• Mapping and PoliticsHere’s where the Federal Aviation Administration comes in … maps in the sky.  They exist for large aircraft, but not for small drones.  While driverless cars operate based on a blend of road mapping, GPS, and on-board sensors, the increased safety risks, less-established traffic routes, and numerous obstacles of thousands of concurrent, low altitude flights will require a fat lot of negotiation, all of which will be politically charged.
  • Proliferation – Where do we draw the line on flying drones? How many are too many? Just as Volvo is testing their own driverless cars, UPS is already said to be in the delivery by drone race.
  • Destinations -An apartment building with thousands of residents.  An office complex.  Where, exactly, does the drone deliver?
  • Fulfillment Model – This one’s the most interesting to me. Amazon’s model seems to be based on a network of large (many at 1 million square feet!), dispersed facilities.  By the end of 2014, their distribution network should consist of 58 facilities in just 19 of the 50 United States (see below). Not all of these are fulfillment centers; some specialize in returns and one is dedicated exclusively to Zappos. In contrast and at odds with this structure, the promise of 30 minute delivery to any significant share of the US consumer population would require dozens, scores, or even hundreds more facilities, each of which would likely be much smaller and therefore be of smaller inventory.  This is a significant shift in operations and in the supporting economics.

Amazon,, network, distribution, supply chain, network, fulfillment, United States, 2013, 2014


The Bottom Line

There’s no question that Amazon, other companies, and even our federal government can overcome most of the “questionables” and hurdles listed above, as well as all those not mentioned here.

Pioneering spirit and consumer demand will help drive a renewed push to same day delivery (a Holy Grail trail of fail). We’ll eventually arrive at solutions to current challenges that will make it more financially and logistically feasible than it is today.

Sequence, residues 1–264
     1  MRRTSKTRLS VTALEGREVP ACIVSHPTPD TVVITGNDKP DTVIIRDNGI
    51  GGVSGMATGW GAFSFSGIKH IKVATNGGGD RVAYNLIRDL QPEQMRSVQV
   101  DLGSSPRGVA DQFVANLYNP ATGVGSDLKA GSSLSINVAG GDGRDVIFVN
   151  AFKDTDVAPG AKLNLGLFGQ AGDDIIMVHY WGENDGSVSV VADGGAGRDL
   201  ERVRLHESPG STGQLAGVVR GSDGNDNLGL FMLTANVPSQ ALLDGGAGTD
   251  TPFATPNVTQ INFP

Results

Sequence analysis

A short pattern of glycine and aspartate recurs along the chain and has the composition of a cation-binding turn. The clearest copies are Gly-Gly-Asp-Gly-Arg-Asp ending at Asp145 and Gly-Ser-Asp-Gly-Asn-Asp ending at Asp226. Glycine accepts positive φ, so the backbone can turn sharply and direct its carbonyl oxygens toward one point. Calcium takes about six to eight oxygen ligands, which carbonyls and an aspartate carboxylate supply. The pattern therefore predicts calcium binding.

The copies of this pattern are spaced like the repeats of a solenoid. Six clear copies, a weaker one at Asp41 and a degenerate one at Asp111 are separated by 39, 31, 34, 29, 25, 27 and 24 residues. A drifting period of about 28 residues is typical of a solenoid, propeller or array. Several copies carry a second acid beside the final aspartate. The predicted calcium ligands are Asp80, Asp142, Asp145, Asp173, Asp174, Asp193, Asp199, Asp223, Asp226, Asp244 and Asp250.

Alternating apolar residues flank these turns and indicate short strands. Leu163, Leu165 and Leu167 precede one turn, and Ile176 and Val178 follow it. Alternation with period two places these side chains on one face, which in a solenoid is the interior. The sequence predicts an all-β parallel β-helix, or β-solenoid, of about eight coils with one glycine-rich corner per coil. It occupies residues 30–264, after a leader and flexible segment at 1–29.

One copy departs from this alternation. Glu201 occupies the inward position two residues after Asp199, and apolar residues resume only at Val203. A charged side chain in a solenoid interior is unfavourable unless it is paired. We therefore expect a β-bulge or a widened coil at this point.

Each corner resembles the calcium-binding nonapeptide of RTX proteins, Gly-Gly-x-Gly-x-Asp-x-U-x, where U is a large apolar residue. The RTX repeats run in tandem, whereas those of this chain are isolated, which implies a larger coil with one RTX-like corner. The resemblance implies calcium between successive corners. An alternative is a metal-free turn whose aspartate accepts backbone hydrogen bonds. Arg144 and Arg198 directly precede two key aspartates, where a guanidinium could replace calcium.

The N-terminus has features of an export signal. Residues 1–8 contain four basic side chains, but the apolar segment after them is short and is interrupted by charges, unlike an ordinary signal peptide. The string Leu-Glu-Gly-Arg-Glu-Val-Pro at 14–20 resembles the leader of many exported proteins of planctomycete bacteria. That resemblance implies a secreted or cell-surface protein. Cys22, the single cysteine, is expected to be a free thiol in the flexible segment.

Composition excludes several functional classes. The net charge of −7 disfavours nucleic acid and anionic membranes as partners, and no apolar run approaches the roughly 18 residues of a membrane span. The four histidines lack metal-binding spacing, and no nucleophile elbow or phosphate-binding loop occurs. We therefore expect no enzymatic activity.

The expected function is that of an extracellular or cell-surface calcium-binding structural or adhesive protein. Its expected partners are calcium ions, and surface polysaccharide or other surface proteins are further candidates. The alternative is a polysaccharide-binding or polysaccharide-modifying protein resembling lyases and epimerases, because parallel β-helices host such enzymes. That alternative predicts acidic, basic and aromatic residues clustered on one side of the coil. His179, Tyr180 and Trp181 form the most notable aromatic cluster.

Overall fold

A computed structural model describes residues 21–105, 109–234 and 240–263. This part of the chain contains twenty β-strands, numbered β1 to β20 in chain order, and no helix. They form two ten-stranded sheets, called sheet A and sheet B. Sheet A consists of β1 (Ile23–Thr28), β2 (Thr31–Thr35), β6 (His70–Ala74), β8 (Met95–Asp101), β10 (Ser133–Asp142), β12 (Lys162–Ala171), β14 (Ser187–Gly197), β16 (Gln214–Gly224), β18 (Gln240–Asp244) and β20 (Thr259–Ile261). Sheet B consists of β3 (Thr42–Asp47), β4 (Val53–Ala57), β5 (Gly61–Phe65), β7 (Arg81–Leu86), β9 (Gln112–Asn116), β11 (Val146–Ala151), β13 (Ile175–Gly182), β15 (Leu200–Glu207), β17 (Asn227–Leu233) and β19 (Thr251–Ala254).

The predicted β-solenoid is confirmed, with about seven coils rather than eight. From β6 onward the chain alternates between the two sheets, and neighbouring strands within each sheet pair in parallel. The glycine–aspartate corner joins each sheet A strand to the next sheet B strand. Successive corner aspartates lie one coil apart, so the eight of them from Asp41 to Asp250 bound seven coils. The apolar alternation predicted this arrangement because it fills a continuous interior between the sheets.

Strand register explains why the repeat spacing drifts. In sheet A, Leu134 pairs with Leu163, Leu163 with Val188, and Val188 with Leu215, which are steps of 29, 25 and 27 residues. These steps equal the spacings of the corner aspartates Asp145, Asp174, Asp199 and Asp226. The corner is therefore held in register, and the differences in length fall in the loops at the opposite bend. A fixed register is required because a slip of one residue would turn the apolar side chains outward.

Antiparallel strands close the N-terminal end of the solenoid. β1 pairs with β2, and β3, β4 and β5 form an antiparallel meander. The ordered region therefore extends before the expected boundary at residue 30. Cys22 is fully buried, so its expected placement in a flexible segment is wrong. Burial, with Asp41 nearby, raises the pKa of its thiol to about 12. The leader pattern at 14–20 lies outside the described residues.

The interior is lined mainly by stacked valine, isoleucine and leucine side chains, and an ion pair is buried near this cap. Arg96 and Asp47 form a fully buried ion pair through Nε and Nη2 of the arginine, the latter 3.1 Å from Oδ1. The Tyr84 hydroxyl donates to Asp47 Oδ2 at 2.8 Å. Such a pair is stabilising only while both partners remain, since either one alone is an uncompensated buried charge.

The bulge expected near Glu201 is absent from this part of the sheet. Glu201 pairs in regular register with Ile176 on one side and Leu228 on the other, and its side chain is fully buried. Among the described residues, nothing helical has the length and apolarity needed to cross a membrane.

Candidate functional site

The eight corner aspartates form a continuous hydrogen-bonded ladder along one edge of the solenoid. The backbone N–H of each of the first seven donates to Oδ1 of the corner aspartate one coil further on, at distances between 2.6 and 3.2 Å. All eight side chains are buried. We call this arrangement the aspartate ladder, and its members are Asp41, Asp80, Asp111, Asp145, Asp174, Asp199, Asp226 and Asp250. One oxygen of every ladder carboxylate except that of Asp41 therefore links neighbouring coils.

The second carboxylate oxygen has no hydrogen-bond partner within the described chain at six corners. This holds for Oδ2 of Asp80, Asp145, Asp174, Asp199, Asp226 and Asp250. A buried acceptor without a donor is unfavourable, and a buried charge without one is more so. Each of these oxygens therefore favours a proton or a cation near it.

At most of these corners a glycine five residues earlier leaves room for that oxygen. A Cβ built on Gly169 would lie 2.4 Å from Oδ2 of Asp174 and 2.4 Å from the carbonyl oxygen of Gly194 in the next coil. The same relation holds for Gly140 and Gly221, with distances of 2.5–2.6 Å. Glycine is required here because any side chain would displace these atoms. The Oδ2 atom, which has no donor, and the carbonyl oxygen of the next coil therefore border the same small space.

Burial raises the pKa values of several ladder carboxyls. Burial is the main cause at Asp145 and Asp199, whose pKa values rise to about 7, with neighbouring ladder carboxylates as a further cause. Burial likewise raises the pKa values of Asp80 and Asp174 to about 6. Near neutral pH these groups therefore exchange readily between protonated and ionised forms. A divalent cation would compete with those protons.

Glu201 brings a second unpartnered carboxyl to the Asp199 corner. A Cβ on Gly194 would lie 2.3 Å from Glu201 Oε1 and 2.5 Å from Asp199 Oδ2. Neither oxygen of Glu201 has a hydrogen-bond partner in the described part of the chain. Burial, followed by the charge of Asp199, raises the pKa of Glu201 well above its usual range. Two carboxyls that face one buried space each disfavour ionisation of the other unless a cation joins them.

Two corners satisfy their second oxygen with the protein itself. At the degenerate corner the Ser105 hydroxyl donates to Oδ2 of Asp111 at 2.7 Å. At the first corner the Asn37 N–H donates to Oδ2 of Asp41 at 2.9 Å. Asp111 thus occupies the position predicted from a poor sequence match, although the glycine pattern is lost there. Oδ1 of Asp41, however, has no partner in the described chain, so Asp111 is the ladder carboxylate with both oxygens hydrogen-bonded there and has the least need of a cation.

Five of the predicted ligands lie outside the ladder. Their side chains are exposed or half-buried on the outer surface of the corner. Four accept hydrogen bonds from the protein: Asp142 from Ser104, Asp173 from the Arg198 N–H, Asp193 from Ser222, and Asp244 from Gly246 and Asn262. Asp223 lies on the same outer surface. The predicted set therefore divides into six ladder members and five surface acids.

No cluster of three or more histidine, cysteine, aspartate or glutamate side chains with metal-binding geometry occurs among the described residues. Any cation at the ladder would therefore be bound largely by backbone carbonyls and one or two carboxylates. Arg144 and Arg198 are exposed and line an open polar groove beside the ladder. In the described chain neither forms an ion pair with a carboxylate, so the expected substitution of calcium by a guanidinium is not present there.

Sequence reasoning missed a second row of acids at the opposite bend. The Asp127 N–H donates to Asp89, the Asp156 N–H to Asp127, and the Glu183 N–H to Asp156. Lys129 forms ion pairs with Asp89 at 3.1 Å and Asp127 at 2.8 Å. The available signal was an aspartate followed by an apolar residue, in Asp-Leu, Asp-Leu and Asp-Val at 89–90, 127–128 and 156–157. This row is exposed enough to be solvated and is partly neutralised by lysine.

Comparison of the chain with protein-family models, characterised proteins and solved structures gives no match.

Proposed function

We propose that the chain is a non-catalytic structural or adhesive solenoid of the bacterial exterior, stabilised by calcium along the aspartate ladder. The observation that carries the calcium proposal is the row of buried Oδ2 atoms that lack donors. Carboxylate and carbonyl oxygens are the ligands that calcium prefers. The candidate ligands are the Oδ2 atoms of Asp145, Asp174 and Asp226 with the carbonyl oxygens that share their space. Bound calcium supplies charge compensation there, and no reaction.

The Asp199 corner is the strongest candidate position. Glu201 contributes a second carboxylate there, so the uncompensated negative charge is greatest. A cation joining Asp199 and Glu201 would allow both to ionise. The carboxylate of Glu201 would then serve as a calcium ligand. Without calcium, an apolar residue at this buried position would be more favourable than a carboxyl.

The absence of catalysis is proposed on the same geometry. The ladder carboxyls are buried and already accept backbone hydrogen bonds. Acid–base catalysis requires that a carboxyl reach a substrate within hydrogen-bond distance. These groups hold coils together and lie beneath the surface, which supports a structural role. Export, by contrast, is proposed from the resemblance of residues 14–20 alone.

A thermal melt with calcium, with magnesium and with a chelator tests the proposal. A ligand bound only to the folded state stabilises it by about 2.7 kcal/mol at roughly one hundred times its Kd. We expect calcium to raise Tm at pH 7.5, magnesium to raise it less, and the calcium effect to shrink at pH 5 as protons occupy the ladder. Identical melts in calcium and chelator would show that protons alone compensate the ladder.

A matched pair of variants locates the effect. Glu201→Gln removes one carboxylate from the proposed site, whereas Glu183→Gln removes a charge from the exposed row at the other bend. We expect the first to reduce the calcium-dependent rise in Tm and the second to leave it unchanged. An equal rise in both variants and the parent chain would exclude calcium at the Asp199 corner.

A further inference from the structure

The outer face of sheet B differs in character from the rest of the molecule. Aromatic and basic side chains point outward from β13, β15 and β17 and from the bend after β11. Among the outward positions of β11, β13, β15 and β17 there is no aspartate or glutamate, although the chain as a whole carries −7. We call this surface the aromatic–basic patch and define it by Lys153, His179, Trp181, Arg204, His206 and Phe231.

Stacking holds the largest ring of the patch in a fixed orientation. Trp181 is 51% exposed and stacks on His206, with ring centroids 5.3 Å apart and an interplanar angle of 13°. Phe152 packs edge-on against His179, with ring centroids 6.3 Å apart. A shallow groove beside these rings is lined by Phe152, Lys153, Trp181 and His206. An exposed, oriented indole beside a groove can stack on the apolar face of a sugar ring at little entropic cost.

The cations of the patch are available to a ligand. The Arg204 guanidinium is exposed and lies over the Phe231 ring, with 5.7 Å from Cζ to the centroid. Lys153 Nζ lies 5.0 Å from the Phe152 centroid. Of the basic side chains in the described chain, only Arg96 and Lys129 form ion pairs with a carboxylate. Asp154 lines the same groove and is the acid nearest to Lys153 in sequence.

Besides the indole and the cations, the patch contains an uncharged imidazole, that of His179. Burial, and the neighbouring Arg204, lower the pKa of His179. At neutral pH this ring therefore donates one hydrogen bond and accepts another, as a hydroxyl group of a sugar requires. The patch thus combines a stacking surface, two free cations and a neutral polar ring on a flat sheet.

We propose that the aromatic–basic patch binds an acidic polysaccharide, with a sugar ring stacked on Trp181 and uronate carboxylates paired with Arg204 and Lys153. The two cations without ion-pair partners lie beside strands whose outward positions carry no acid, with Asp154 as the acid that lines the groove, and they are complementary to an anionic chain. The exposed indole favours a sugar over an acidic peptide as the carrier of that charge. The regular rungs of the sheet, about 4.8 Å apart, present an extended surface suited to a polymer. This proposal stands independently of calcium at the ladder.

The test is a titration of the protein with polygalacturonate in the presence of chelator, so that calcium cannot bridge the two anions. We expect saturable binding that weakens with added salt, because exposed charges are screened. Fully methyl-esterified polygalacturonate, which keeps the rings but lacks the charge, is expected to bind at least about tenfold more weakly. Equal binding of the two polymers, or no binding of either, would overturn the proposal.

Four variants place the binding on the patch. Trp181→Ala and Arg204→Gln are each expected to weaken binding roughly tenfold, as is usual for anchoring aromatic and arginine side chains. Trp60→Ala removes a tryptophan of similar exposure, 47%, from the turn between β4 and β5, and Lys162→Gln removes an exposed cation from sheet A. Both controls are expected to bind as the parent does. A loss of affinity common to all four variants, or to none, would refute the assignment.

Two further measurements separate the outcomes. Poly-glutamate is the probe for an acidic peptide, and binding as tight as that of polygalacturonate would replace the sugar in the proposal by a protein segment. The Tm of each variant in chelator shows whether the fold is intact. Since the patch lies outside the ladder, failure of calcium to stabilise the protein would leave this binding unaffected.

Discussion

Still … is nothing sacred? How badly do we need stuff delivered to us? And how quickly? So badly that we’d litter our skies with armies of delivery drones to drop packages of things that weigh less than 5 pounds at our doorsteps all day and night? Really!?

Because we can doesn’t mean we should – not that we’ve refused to cross that line before, especially in the face of commercial pressures.

Let’s hope that the Amazon Prime Air video is what it seems to be … a good bit of marketing genius on the eve of the biggest online shopping day in history.


Exceptions to “Really!?”

I can think of several valuable and justified uses of drones for deliveries. Most involve either to emergency situations and first responders or to battlefields and troops. None involve Kindles, Nerf guns, or socks.


Amazon,, Amazon Prime, Amazon Prime Air, delivery, copter, drone, delivery drone, octocopter


  1. Matt Payne

    Bravo. I was thinking through all of these issues too and came to the conclusion in my mind that this whole thing was just one amazing marketing strategy to help drive innovation within their own ranks. Good stuff.

  2. Ethan Beute

    Thanks so much, Matt. In the process of organizing (loosely) these thoughts, I arrived at the conclusion that it’s definitely possible, but that it’s not desirable.